Jim Morrison 1943–1971
American songwriter, singer, poet, and filmmaker.
Morrison's songs are macabre, full of sexual tension, and dwell on subjects not usually thought to be standard rock fare. His songs and poems are alternately tender, violent, literal, symbolic, simple, and profound. The group he fronted, The Doors, complemented his poetry with a jazz-based sound, usually dominated by an electric organ. This combination became one of the most notorious acts in rock in the late sixties.
Morrison was studying filmmaking at UCLA in 1965 when he met fellow film student and keyboard player Ray Manzarek. They formed The Doors and Manzarek began to write music to Morrison's words with the rest of the band (Robbie Krieger, guitar, and John Densmore, drums). Their first commercial success came in 1967 with "Light My Fire," a song which is typical of The Doors's sound. Their first album also contained "The End," one of Morrison's most bizarre songs. It deals with love, death, and Oedipal tendencies, and the words, singing, and music are full of the tension that was carried further in their stage act. However, their concerts were not "acts" to Morrison—they were a slice of life wherein his innermost fantasies could be revealed. He often carried his audiences to the edge of those fantasies, as documented in Morrison's and Paul Ferrar's short film Feast of Friends.
Morrison's songs deal with themes that seemed to bring together the views of the young. "When the Music's Over" is a long piece about rebellion, and in "The Unknown Soldier," Morrison takes the part of a soldier who is executed, yet comes back to life to shout repeatedly, "The war is over!" Symbols which recur in his work are water ("Moonlight Drive," "Wishful Sinful"), dreams ("Horse Latitudes"), and reptiles. The lizard symbolism is especially important, as fans began calling him the "Lizard King," after a persona in one of his songs. He dressed in tight, leather pants and reptilian clothes and apparently thought that, like the Lizard King of the song, he really could do anything, and in 1969, he was arrested and convicted for exposing himself onstage. After this incident, The Doors found it more and more difficult to get concert bookings, their creativity dwindled, and Morrison's lyrics became more trite. Just before his death, however, he had written and recorded one of his finest songs, "Riders on the Storm."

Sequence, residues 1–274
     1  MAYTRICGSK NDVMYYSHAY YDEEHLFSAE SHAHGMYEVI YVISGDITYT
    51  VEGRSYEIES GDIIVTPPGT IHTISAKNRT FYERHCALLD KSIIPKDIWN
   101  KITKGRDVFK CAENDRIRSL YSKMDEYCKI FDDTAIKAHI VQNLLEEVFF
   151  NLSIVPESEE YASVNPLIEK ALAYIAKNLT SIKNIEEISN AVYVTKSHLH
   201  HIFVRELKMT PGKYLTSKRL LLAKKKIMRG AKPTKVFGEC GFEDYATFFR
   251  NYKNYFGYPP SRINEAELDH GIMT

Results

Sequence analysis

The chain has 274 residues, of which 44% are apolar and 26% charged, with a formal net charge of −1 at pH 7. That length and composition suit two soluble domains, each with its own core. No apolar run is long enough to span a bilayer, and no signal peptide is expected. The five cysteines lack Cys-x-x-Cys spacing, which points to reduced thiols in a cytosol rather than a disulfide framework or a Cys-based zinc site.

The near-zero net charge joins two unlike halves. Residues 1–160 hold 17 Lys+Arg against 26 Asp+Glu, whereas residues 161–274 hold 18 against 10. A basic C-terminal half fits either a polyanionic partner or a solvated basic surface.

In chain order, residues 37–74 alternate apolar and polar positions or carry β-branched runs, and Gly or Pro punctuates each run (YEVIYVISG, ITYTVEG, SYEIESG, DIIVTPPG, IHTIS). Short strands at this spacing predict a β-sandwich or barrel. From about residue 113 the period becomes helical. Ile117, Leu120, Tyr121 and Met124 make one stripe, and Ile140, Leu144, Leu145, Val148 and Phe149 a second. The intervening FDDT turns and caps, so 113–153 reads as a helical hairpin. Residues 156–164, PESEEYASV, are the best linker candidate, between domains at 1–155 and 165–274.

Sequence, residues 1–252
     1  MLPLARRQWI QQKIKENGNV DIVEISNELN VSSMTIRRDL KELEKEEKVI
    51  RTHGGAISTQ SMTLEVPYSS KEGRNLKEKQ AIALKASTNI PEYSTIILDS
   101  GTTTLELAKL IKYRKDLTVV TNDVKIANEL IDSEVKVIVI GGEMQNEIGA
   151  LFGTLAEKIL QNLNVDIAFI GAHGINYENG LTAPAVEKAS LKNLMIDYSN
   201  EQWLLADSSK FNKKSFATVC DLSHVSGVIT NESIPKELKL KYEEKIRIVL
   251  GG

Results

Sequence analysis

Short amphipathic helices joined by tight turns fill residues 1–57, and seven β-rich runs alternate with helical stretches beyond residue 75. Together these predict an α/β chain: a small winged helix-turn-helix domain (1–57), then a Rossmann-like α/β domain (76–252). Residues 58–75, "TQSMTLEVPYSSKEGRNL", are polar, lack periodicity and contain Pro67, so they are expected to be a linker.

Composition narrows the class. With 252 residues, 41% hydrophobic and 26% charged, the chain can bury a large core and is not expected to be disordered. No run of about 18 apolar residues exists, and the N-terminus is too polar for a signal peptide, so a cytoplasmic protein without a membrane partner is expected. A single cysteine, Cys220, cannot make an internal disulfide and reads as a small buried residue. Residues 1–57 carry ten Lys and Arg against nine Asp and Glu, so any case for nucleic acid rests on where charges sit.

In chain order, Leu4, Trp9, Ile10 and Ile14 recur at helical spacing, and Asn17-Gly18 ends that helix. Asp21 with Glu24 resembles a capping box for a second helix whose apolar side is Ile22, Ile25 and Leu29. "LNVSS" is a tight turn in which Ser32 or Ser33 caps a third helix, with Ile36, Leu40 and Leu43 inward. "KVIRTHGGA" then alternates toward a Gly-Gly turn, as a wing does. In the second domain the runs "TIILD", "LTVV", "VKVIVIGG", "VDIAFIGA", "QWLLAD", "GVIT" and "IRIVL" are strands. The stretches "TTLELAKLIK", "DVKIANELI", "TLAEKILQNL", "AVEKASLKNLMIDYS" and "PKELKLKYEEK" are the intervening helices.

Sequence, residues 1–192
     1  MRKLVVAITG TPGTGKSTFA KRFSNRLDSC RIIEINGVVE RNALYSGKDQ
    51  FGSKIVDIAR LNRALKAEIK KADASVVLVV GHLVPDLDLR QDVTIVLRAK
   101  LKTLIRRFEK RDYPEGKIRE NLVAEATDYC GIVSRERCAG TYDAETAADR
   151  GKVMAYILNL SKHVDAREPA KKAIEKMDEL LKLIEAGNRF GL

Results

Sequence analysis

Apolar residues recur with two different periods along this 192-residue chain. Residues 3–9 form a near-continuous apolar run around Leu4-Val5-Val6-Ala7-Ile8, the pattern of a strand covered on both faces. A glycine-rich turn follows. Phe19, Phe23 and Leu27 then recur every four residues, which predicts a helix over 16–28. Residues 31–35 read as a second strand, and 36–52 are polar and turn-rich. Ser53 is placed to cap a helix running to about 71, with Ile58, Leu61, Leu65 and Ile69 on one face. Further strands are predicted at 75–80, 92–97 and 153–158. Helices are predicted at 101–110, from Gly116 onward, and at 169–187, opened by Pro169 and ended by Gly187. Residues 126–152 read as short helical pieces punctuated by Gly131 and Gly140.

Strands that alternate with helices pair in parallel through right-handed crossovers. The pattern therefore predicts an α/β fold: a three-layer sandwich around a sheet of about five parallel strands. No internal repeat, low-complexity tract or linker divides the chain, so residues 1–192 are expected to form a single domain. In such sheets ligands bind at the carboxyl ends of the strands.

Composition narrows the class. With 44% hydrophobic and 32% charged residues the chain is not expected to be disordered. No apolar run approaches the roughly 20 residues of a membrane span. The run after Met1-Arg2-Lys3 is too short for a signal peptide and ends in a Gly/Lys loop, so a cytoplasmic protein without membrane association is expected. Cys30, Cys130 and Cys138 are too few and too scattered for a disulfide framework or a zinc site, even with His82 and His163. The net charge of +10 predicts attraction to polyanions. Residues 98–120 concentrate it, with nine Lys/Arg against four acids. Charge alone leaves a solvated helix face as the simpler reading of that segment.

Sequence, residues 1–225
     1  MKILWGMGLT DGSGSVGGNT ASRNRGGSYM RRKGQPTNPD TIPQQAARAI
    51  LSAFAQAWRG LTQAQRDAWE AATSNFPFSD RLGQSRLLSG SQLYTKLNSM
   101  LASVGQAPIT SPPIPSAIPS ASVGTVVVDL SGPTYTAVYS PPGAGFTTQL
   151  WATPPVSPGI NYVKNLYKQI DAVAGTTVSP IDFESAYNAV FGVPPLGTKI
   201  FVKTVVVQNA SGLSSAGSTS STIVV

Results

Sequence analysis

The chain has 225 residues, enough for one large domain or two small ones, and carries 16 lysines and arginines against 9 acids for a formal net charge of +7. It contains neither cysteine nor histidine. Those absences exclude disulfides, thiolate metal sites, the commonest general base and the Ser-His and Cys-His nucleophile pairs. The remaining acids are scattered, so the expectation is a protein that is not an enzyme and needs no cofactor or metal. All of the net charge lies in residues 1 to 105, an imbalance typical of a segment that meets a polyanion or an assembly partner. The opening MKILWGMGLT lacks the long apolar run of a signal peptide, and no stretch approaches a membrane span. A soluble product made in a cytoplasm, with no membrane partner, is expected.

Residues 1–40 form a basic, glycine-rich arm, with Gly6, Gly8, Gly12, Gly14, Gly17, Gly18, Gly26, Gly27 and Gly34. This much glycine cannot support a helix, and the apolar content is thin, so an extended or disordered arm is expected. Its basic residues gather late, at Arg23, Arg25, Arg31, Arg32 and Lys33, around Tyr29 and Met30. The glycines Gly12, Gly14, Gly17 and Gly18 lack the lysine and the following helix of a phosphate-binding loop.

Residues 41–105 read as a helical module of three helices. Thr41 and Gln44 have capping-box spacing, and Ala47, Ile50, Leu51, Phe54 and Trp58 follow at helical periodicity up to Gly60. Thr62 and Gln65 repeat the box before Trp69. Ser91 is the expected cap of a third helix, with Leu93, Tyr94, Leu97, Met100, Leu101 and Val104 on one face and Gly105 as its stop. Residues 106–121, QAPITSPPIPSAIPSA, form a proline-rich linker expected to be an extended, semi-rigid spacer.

Morrison's poetry is strange, elliptical, excessive—just like the man himself. Its surrealism often passed over the heads of his young fans, who were not aware of Freudian and Oedipal themes. The Lords and the New Creatures, a volume of poetry, and An American Prayer, an album of Morrison reciting his poetry, are full of his excesses—especially his sexual infatuations—but also contain flashes of mystical brilliance. It is fitting that Morrison's death was shrouded in mystery as well. He died of a heart attack in Paris, but no one besides his common-law wife saw the body. In fact, there are those who claim that Morrison is still alive—that he was a god, that his work was his testament to the world, and that his "resurrection" will prove that Jim Morrison still "can do anything." (See also Contemporary Authors, Vols. 73-76.)